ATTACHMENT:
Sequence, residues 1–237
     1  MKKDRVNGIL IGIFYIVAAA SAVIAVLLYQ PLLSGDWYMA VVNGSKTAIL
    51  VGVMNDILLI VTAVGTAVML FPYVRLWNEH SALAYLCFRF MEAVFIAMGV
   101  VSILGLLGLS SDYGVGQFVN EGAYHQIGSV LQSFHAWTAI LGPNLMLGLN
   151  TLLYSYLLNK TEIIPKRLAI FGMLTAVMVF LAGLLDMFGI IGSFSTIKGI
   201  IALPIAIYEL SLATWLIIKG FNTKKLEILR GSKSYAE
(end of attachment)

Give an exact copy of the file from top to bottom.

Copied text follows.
Sequence, residues 1–237
     1  MKKDRVNGIL IGIFYIVAAA SAVIAVLLYQ PLLSGDWYMA VVNGSKTAIL
    51  VGVMNDILLI VTAVGTAVML FPYVRLWNEH SALAYLCFRF MEAVFIAMGV
   101  VSILGLLGLS SDYGVGQFVN EGAYHQIGSV LQSFHAWTAI LGPNLMLGLN
   151  TLLYSYLLNK TEIIPKRLAI FGMLTAVMVF LAGLLDMFGI IGSFSTIKGI
   201  IALPIAIYEL SLATWLIIKG FNTKKLEILR GSKSYAE